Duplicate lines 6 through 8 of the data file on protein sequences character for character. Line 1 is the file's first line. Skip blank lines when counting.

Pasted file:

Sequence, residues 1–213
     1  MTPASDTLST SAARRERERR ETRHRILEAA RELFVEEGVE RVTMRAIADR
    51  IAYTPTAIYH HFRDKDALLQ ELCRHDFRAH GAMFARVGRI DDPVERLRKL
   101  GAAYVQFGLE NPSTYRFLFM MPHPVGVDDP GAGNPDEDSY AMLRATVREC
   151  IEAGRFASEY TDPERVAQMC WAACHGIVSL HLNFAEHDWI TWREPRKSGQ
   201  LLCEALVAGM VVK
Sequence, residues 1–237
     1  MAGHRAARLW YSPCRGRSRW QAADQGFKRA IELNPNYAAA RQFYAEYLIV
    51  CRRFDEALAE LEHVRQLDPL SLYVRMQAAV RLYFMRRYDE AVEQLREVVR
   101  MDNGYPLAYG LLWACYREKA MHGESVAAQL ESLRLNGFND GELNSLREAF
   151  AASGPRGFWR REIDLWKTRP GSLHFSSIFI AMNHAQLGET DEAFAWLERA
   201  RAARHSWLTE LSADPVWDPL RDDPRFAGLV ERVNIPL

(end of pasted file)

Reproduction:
   201  LLCEALVAGM VVK
Sequence, residues 1–237
     1  MAGHRAARLW YSPCRGRSRW QAADQGFKRA IELNPNYAAA RQFYAEYLIV